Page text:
Collection: What Seeds To Sow In February In Ireland

February is great in that there is much more of a variety in what seeds can now be sown. How early to sow your seeds will depend on your last frost date in your area. You can view more information on this here.

Below are some ideas for what seeds can be sown in February in Ireland. Underneath the information is all of the varieties mentioned.


Tomatoes can be started toward the end of the month if you have an early last frost date. The seeds will need heat to germinate, so starting them inside at room temperature is best. Starting tomato seeds early will give them the benefit of the long growing season they need. They are heat loving plants that won't tolerate frost, so just make sure you don't start them too early if you expect late frosts in your area.


Peppers, just like tomatoes can be started toward the end of the month if you have an early last frost date. Pepper seed germination can be erratic if they don't get enough heat. Starting them indoors is essential. Leaving them in the warmest room in the house to germinate will help. A heated propagator or a heat mat that your seed tray sits on will also help.

Pepper plants will also benefit from a long growing season. They also won't tolerate frost, so again, be careful not to plant these too early.

An interesting fact about pepper plants is that they are actually perennials. If you were to take your pepper plant inside at the end of the season before frost, keep it growing inside on your window sill or under grow lights through the winter, you could put it back in the greenhouse the following year and it would continue to produce peppers!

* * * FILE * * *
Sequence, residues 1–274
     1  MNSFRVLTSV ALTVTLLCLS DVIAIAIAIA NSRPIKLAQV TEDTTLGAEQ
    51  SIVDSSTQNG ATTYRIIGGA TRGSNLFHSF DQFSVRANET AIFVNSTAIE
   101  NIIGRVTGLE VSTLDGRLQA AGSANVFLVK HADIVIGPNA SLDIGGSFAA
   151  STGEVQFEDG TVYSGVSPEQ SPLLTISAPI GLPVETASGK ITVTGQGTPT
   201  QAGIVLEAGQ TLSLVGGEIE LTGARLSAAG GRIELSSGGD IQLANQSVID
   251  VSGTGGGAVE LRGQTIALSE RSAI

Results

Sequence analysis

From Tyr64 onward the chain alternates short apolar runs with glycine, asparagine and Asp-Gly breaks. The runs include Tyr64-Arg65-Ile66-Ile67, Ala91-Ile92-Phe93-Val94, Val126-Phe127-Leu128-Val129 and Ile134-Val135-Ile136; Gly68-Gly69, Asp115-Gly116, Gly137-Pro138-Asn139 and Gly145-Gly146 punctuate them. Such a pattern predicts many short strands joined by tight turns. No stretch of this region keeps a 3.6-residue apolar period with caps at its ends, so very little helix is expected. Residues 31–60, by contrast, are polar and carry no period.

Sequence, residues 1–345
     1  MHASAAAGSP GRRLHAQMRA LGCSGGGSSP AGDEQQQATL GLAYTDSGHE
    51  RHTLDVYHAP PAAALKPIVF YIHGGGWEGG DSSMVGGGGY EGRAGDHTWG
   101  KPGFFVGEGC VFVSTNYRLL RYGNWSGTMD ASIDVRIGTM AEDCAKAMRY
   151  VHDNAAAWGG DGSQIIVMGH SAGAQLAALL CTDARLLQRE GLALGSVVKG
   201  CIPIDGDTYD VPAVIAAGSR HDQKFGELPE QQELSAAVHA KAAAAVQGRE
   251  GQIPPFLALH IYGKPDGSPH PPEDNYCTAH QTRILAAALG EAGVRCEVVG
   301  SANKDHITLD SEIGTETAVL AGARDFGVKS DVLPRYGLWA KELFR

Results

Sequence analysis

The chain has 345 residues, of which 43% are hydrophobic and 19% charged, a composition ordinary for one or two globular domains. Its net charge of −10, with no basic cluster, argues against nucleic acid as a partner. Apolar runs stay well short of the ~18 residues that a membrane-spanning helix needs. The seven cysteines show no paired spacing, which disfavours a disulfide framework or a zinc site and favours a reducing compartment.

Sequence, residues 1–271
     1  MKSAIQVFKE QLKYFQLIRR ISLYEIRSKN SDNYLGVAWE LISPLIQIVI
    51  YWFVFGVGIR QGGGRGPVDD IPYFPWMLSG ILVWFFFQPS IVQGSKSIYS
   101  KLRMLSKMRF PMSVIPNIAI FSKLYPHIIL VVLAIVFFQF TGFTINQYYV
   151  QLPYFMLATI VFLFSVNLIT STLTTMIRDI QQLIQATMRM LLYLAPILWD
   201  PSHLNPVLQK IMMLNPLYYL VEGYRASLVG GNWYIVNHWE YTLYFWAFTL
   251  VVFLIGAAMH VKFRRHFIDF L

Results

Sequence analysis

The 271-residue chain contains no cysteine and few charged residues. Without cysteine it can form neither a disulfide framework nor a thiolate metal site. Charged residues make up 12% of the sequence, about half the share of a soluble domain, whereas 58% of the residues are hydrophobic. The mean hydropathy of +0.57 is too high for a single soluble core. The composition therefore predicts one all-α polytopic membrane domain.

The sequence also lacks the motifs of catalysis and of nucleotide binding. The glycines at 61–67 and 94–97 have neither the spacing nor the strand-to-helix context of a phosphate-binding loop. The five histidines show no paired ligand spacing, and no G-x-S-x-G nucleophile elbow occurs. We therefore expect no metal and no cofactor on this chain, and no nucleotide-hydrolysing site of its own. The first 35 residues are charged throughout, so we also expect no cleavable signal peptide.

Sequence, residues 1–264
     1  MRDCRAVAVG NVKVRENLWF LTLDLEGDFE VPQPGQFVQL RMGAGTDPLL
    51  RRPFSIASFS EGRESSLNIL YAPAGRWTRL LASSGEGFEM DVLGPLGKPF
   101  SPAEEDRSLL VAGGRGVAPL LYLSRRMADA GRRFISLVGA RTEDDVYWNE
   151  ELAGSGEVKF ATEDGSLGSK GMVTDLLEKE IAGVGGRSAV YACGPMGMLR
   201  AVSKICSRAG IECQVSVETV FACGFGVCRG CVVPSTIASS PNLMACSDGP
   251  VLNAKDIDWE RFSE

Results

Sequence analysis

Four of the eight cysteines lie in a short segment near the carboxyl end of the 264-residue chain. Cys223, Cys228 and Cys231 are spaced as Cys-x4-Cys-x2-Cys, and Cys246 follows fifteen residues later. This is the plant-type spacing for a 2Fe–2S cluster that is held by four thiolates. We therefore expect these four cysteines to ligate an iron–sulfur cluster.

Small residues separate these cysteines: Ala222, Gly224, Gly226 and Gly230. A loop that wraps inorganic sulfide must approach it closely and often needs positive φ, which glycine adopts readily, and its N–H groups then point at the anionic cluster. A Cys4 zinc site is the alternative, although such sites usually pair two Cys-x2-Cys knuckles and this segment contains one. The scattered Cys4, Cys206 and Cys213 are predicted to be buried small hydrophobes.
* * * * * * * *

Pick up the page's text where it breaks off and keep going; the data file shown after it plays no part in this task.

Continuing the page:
There are lots of flower varieties mentioned later in this post, but a really nice one to start now is Foxglove. Foxglove is a biennial plant, meaning it usually doesn't flower until it's in its second year of growth. But if you start Foxgloves now, there is a good chance they will flower before the end of this season. If not, you'll definitely have flowers early next year.

Foxgloves are a native wildflower of Ireland, and bees love them as they are an important source of pollen for them. Be careful not to eat them yourself though, as they are highly poisonous!

Vegetables for Baby Leaves

The following seeds can be planted under protection in a greenhouse, polytunnel, cold frame etc. something where the frost won't get into, and grown for their baby leaves. These are Spinach, Lettuce, Rocket, Rainbow Chard, Pak Choi, Mustard, Chicory, Cress.

Growth will be a lot slower this time of year due to lower temperatures and the lower amount of sunlight. If you really like any of these varieties, plant a little more than you usually would to make up for the slower growth. Providing you have the space.

Other Vegetables

The following vegetable seeds can be sown this month. Starting them in a polytunnel would still be best at this time of year as it can still get very cold. Radishes, Broadbeans, Peas, Calabrese Broccoli, Brussels Sprouts, Cauliflower, Onion, Spring Onions.